Lincoln’s home state of Illinois was particularly cruel. Even before it became a state, it was restricting the freedoms of black Americans. In 1813, the Illinois Territory forbid the entry of free blacks. Its laws also threatened that any black residents who entered, and did not leave within 15 days, could receive 39 lashes.

When looking at the legal status of blacks up to 1860, no Northern state allowed black male jury duty and the states of Connecticut, New Jersey, Pennsylvania, Iowa, Minnesota, and Wisconsin forbid black male suffrage. New York, Illinois, Indiana, Michigan, and Ohio had laws that restricted the black vote at various times. For example, in New York, a $250 property requirement kept most black New Yorkers from voting. In 1855, only 100 out of 11,000 blacks in New York City were allowed to vote.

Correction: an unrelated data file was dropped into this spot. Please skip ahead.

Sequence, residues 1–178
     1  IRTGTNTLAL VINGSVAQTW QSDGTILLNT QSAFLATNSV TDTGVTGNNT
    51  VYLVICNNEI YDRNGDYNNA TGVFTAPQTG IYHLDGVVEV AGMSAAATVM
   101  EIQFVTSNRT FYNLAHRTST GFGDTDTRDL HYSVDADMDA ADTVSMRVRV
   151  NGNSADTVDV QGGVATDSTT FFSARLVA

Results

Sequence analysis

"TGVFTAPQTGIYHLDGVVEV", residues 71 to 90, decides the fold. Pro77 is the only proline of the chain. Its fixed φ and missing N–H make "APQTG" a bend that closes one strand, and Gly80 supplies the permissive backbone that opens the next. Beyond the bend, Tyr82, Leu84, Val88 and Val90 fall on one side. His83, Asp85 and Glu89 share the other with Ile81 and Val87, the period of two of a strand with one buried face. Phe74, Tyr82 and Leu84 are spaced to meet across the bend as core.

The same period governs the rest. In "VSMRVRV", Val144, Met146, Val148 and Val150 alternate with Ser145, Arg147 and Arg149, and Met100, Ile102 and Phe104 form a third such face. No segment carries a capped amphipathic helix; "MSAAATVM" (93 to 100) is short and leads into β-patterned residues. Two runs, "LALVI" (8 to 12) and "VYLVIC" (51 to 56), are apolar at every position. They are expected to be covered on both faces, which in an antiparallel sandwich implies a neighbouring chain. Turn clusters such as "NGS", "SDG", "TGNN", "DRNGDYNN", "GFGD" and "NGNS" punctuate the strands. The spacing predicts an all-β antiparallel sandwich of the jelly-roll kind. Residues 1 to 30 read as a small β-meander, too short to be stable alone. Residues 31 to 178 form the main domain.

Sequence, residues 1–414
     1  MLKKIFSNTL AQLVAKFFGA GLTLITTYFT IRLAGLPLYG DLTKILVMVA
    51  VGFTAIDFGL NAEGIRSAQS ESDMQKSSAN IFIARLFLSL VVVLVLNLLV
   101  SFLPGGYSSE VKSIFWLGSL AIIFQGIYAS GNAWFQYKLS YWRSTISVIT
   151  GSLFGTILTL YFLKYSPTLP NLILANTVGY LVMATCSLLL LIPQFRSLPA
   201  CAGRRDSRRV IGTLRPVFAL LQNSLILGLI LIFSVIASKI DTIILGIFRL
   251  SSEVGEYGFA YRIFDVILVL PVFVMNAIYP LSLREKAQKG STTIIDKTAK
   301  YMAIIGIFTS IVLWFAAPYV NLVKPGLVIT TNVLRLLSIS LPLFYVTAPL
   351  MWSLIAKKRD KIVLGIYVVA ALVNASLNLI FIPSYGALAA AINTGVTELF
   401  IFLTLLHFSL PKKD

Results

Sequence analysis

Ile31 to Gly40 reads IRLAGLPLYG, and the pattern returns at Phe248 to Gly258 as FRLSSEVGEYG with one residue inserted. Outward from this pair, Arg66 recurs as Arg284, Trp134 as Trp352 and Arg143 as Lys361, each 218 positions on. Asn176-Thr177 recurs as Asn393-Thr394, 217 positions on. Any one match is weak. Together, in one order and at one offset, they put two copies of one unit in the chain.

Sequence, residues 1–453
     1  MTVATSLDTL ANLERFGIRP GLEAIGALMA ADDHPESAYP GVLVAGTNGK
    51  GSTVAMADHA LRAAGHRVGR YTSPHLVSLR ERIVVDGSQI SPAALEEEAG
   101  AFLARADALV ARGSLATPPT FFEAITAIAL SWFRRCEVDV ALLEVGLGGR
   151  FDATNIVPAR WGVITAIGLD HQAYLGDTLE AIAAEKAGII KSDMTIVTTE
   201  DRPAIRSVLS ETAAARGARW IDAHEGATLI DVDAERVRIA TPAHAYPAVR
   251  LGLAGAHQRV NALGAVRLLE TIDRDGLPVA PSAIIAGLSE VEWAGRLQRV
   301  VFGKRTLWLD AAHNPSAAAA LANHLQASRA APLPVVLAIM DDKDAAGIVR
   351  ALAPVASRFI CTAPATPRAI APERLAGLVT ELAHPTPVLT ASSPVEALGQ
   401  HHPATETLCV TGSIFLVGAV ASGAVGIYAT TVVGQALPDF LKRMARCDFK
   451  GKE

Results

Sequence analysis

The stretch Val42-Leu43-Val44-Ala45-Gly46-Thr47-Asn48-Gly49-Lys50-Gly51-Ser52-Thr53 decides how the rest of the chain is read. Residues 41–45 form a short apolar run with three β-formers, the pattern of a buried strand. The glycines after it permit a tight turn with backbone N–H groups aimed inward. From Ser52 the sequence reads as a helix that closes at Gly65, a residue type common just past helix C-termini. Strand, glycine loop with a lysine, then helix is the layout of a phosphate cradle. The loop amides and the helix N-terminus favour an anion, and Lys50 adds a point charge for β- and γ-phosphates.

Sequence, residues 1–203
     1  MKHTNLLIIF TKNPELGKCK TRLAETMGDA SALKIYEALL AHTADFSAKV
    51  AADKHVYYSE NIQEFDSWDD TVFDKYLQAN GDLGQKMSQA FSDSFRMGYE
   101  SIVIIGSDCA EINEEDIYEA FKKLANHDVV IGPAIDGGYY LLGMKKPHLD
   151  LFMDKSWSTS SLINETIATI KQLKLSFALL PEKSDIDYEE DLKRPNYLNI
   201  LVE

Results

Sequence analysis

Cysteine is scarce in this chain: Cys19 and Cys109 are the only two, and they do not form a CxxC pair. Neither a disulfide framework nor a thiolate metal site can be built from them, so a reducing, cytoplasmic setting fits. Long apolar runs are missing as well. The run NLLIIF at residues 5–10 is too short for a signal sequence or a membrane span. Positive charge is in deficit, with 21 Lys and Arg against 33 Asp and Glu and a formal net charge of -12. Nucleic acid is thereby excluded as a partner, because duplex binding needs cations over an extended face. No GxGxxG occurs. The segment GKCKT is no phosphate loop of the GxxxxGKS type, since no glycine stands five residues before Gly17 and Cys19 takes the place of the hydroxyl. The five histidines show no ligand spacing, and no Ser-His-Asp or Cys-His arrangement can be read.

Even though some Northern states ended slavery early on, blacks still faced much hardship there. One account of this fact can be seen from Charles Mackay, an English visitor to America from 1857-1858, in his work Life and Liberty in America. He had the following to say about racism in the North:

“This is the prevalent feeling, if not the language of the free North… ‘We shall not make the black man a slave; we shall not buy him or sell him; but we shall not associate with him. He shall be free to live, and to thrive, if he can, and to pay taxes and perform duties; but he shall not be free to dine and drink at our board [table] – to share with us the deliberations of the jury box – to attend to us in our courts – to represent us in the legislature – to attend to us at the bed of sickness and pain – to mingle with us in the concert-room, the lecture-room, the theatre, or the church, or to marry with our daughters. We are of another race, and he is inferior. Let him know his place – and keep it.”